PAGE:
Ensuring this country’s red meat exports have the necessary documentation to allow access into overseas markets is a complicated task on a good day.

Throw in the national lockdown and turmoil and uncertainty in all of New Zealand’s export markets in the wake of COVID-19, then it would have been easier to call it quits, go home and switch on Netflix. Especially when many paper-based documentation is still required to complete port entry requirements in many of NZ’s overseas markets.

Instead, a small team, employed by the New Zealand Meat Board, put in place the business continuity processes they had been developing over the past five years and kept the wheels of trade moving for both the red meat sector and the NZ economy.

Quota Team Leader Megan Gibson is part of this team and she says they had been closely watching the global situation unfold as COVID-19 impacted initially on markets in China and Korea and then into Europe and US.

There was, she says, a growing realization that this virus was going to affect us all.

While they already had an off-site server in place, it was the delivery of the paper-based outputs that was going to be the biggest challenge. But as they were quickly signed off by the Ministry of Primary Industries as an essential service, this relieved them of what potentially was a contingency nightmare.

“It meant we could go into the office and produce certificates, trying to do this in people’s houses would have been a nightmare,” says Megan.

It was a very busy time for the team as markets were continually shifting. As China closed down, exports were diverted into other markets in Europe and the US, and as these markets closed or slowed down China and other Asian markets were re-opening.

A roster system was put in place so while individuals would venture into the eerily-silent Wellington office to produce the certificates, others worked remotely from home.

“As a team working remotely, we operated really well, but it is different and it does take longer to do things. It just adds an extra layer of complexity.”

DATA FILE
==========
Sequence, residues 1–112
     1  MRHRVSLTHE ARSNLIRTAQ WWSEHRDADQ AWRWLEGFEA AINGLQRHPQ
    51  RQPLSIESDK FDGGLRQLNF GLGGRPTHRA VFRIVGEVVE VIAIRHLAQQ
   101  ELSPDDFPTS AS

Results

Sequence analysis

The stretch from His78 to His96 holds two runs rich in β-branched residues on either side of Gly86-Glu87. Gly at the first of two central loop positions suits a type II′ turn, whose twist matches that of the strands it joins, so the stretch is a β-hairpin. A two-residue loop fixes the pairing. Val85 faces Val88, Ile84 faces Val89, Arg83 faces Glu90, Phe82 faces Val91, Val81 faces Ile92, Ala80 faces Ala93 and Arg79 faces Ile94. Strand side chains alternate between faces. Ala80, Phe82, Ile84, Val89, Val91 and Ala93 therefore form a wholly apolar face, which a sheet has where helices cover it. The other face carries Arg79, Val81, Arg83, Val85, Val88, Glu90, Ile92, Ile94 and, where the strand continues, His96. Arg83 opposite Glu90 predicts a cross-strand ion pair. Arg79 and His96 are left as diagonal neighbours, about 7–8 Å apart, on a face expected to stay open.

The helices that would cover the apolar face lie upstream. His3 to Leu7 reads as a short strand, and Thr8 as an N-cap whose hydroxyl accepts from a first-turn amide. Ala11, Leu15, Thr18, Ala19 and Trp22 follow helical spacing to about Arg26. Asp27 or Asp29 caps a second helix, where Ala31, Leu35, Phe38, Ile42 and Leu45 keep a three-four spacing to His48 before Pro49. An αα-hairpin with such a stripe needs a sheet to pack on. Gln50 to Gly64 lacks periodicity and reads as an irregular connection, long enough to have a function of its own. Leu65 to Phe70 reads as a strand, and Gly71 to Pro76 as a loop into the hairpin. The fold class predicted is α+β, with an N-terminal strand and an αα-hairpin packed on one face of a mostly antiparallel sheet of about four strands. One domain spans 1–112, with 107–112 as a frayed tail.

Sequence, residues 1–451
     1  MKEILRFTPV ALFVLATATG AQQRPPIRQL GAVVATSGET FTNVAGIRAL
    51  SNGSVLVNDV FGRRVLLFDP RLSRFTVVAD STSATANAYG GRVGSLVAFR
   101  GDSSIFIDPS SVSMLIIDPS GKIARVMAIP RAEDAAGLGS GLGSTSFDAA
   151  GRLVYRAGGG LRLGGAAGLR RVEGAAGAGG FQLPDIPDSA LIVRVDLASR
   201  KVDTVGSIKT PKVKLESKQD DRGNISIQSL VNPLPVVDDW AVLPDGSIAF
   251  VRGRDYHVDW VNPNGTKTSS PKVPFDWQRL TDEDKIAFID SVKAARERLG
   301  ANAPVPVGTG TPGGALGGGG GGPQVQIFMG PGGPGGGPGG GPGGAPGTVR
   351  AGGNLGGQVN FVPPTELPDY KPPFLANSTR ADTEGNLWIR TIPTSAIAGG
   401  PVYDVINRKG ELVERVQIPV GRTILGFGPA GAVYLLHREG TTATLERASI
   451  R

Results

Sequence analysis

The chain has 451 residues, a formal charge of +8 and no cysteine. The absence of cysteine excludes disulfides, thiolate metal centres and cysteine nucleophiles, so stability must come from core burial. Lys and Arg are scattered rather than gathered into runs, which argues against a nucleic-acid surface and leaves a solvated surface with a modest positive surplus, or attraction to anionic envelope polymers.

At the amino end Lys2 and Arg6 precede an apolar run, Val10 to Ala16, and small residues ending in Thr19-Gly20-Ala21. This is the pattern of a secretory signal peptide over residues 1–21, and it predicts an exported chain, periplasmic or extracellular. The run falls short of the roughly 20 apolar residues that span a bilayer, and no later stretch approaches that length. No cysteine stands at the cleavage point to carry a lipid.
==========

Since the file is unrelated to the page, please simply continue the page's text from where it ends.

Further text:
Megan says in the initial stages of the lockdown their concern was flexibility.

“Would off-shore regulators be satisfied with PDFs or temporary documentation if couriers were unable to deliver the original documents they typically require? Thankfully couriers worldwide have been able to maintain essential services.”

Throughout the lockdown the team were keeping a close eye on other issues affecting international trade, such as port congestion in the US and while this didn’t affect NZ directly, this could have had a flow-on effect for international shipping traffic.

Megan admits the first couple of weeks in lockdown were a bit crazy as they were busy adapting to alternative operating processes both for New Zealand and Brussels staff, but they had also been developing operating resilience for some time with back-up systems and the use of cloud-based technologies.

While they had already “tested” their ability to work away from the Wellington office, the lockdown in March was a live test and showed that the systems worked.

“I’ve been really pleased with how the team has been able to work and ensure the continuation of NZ’s export trade. It’s not ideal and it’s not how we want to work, but we can do it,” says Megan.

Coming out the other side, the next stage will be to do a stock-take of what worked well and what didn’t.

What undoubtedly worked well was that NZ was able to continue to export red meat and generate valuable income when the rest of the economy had shut-down. That came down to the farmers, transport operators, processors and the team at the New Zealand Meat Board who made it all happen.

May 2020

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